The concentration of platforms and electronic services within one company could lead to the emergence of a new super application that aggregates a vast amount of user data, the DGAP report warns. Experts see this as a threat. If an application with a narrow scope is hacked, only a limited amount of data or information will be leaked. However, a super application could store a complete spectrum of data. For authoritarian regimes seeking to know as much as possible about their citizens, this is the ideal means of control over society. A telling example is China's WeChat, built on top of a messaging app. WeChat aggregates all essential personal data that users can use for interactions with government agencies or financial institutions. The app also enables payments, money transfers to friends and family, and credit applications. Through WeChat, users can access many services and goods, such as scheduling a doctor's appointment, buying plane tickets, ordering a taxi, or reserving a table at a restaurant. WeChat also serves as a job marketplace and an online shopping platform. One can even file for divorce via WeChat. Today, hundreds of millions of people cannot imagine their daily lives without WeChat. But, according to Chinese legislation, the state can access their data.
It appears that VK is moving in the same direction. Last year, developers announced that they would add some of the functionality of the 'Gosuslugi' (Government Services) app to the VKontakte app, which is used by nearly 100 million Russians. Now, through VKontakte, users can schedule doctor's appointments, check and pay police fines, and get information about pensions. Since February 2023, the 'Gosuslugi' app can be used to verify a VK account. It might be assumed that profile verification through 'Gosuslugi' could become mandatory for certain VK app features in the future, granting authorities even broader access to Russians' personal data. In March 2023, it was announced that notifications from 'Gosuslugi' could now be received directly in the VK app and through VK Messenger. In addition, the app is pre-installed on all new mobile devices officially sold in Russia.
From December 1st of this year, all Internet services that require user registration will only support Russian email services. Notably, the largest Russian email provider, Mail.ru, also belongs to VK. This means that even more user data on Russian servers will be easily accessible to the Russian authorities. In the long term, this could become a tool of pressure, similar to China’s WeChat: a user participating in a protest, for example, could be denied access to the platform, effectively excluding them from public life. And, for example, by collecting data on someone's VK Video viewing history, the FSB (Federal Security Service) could likely determine their political views. It is much more difficult to do this via YouTube, as the intelligence services do not have direct access to the data of YouTube users.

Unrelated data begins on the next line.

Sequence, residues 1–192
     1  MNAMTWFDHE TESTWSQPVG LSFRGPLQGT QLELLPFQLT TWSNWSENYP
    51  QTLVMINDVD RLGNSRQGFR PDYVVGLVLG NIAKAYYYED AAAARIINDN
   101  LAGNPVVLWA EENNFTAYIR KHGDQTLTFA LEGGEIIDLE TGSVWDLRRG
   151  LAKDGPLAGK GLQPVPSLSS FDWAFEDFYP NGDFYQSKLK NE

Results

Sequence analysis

The author of the DGAP report believes that Western countries are in a position to slow down the construction of the Russian digital gulag and suggests several measures for them to consider. First, they should support the Western companies that are still operating in Russia. This is, first and foremost Google, but also Apple, the developers of the two largest mobile operating systems, as they could remove VK apps from their stores (this has been done before, but they were later reinstated), just as they removed the apps from sanctioned banks. If the Russian authorities respond by blocking their own services (e.g., the Google Search engine or YouTube), they should offer users a means to bypass these restrictions. Third, access to Western technology and equipment essential for VK's infrastructure should be cut off. This would be based on the premise that the company, while publicly traded, is effectively controlled by the Russian state.